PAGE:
A study recently published in the journal Nature on May 4 revealed that female Aedes aegypti mosquitoes have a unique pathway in their brains, referred to as the “human glomerulus,” that becomes active when they detect humans.

This glomerulus is particularly responsive to two volatile components found in human sebum, which is an oily substance produced by the sebaceous glands in our skin. These components are called decanal and undecanal.

Ae. aegypti is known for spreading dangerous diseases like dengue, Zika, and yellow fever. Interestingly, when given a choice, these mosquitoes prefer the scent of humans over other animals.

Although they can distinguish between human and animal hosts to some extent, the specific odors and neuronal pathways involved were previously unknown.

According to Marcus Stensmyr, researchers have now succeeded in identifying a specific circuit that detects human volatile substances.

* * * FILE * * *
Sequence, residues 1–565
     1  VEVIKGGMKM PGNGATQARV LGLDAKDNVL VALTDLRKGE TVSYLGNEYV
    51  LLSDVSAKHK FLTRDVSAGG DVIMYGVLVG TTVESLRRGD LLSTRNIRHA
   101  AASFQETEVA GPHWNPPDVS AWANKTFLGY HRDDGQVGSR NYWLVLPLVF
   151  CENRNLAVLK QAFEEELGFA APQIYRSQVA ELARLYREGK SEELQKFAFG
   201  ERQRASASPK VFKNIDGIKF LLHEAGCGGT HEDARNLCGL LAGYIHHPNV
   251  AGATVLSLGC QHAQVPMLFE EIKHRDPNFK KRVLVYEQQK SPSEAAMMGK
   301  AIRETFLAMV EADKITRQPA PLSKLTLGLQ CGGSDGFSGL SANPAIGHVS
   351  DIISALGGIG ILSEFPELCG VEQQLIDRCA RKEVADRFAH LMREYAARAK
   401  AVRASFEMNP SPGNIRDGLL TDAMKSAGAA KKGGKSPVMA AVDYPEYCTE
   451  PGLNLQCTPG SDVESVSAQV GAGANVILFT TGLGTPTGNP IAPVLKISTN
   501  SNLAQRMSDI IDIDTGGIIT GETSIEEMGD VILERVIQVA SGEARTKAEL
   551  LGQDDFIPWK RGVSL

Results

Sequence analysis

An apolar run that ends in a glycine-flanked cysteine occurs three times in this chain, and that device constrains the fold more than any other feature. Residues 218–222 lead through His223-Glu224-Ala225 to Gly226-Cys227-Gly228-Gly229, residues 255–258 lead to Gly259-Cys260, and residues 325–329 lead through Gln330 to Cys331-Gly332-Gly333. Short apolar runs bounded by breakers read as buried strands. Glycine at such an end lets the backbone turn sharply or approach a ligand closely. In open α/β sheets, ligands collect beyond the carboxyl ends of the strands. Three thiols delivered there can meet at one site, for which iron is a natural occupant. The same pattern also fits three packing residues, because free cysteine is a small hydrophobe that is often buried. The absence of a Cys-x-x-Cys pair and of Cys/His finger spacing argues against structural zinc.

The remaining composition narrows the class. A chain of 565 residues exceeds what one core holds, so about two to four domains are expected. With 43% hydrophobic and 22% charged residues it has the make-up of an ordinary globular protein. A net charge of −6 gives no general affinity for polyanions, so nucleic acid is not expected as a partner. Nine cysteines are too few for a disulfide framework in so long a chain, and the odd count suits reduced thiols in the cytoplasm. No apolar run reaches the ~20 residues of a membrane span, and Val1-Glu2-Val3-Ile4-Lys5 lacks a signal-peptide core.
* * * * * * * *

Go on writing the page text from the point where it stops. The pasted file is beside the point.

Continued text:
This circuit remains inactive when mosquitoes are exposed to animal scents. The study has been commended for its technical excellence in achieving these findings.

Where Do You Find Mosquitoes?

Mosquitoes are commonly found near water. They lay their eggs in shallow, still water. The eggs are usually found in places like marshes, ponds, lakes, kids’ pools, inside tires, birdbaths, and other containers with shallow water.

Why Do Mosquitoes Bite People?

Mosquitoes bite and suck blood to reproduce. Male mosquitoes feed on flower nectar, while female mosquitoes consume both flower nectar and blood. The females require protein from the blood to develop their eggs.

What Occurs When A Mosquito Bites You?

Mosquitoes have a long mouthpart called a proboscis that extends beyond their heads. It looks like a tiny needle.

When a mosquito bites you, it uses this mouthpart to pierce your skin, suck your blood, and release saliva into your bloodstream.